In diabetes and endocrinology, ongoing efforts to improve patient care and expand research opportunities continue to demonstrate UF Health’s dedication to moving the field forward, said Michael Haller, M.D., chief of pediatric endocrinology. The division optimized automated electronic medical records, facilitating the ordering of screening labs for patients with diabetes. Retinal screening is now offered in its clinics, making it easy and efficient for patients and doctors to ensure there are no signs of diabetes-related vision problems. In addition, the division continues to offer exceptional multidisciplinary care for children with Prader-Willi syndrome, Turner syndrome and gender health issues, Haller said. Its efforts to expand telemedicine services in Ocala, Tallahassee and Daytona Beach are continuing.

“We’re very excited to see that our team continues to be recognized for the outstanding efforts being made to improve the lives of children affected by diabetes and endocrine disorders,” Haller said.

Ed Jimenez, chief executive officer of UF Health Shands, said the overall rankings reflect the staff’s unwavering commitment to innovation and patient care.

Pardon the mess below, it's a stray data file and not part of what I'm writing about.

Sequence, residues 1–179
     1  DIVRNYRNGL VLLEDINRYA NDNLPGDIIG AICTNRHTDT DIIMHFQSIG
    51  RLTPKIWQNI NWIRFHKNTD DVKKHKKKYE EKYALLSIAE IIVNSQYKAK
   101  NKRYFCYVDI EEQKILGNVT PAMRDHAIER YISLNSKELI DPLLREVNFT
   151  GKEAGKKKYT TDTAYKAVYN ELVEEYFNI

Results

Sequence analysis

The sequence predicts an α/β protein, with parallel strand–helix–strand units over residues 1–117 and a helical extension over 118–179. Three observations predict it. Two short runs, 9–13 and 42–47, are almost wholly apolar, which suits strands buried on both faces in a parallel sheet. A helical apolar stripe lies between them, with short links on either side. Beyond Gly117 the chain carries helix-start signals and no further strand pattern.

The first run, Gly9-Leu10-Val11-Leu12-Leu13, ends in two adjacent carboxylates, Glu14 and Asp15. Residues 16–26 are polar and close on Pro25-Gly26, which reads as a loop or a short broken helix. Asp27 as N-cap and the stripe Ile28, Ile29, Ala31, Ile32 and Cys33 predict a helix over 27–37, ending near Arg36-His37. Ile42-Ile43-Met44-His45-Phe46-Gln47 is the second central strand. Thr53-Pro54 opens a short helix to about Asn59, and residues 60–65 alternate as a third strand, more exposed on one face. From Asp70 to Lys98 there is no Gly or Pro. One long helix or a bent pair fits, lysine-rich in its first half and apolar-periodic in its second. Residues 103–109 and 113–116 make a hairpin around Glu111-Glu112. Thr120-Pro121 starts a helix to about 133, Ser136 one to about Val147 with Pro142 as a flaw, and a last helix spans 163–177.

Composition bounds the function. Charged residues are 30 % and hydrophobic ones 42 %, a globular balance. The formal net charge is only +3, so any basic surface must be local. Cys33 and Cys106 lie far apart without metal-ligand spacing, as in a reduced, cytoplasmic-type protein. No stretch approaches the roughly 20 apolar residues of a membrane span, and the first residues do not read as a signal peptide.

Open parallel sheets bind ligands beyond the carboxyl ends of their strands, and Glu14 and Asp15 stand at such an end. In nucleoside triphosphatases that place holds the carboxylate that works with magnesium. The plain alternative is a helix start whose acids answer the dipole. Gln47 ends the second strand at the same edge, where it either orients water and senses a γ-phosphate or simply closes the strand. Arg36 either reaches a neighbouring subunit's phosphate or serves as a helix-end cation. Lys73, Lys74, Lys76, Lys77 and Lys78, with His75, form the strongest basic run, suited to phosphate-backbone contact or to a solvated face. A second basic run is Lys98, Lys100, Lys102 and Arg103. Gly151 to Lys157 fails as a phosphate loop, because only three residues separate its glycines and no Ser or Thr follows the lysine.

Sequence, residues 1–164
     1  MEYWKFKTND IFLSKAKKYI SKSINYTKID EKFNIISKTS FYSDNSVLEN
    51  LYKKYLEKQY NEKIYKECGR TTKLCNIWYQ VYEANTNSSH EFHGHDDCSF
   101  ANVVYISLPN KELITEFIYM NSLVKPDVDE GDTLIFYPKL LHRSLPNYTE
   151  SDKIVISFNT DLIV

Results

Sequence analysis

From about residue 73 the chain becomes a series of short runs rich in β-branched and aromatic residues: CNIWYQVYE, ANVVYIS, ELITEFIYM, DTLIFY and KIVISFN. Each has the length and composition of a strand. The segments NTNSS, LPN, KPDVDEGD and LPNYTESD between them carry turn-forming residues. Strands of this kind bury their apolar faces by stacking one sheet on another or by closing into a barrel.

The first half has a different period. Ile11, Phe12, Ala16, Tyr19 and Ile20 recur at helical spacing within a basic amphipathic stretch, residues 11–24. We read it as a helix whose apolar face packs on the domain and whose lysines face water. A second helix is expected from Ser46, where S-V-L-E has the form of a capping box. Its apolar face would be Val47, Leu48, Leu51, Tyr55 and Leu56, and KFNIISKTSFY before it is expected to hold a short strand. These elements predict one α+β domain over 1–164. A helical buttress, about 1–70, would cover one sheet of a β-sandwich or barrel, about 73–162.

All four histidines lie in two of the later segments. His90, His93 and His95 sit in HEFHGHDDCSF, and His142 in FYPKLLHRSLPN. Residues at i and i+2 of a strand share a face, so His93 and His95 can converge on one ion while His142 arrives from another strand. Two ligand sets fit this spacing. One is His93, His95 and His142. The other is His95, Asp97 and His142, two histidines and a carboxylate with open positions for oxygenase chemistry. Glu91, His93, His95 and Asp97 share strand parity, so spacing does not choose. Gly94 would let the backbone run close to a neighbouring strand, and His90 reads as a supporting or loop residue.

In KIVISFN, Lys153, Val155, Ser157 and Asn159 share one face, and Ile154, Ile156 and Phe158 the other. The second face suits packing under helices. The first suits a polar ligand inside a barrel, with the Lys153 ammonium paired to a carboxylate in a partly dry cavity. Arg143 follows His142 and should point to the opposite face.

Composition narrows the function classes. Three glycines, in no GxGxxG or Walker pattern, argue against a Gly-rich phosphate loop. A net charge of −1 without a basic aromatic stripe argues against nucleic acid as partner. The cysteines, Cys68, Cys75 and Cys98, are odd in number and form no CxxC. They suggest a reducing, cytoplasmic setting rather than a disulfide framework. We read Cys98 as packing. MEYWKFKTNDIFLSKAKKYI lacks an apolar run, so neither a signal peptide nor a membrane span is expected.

“Providing the best possible patient experience requires dedication, focus and teamwork. Our expertise and outcomes are why parents continue to turn to UF Health Shands Children’s Hospital to solve their child’s complex medical issues,” he said. “These rankings from a respected, external group confirm that we have some of the best clinical programs in the United States.

The U.S. News Best Children’s Hospital rankings are compiled from clinical data and an annual reputational survey of pediatric specialists across the country. In the survey, more than 11,000 physicians were asked where they would send the sickest children. Survival rates after surgery, adequacy of nurse staffing, procedure and patient volume and other information can be found at

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Doug Bennett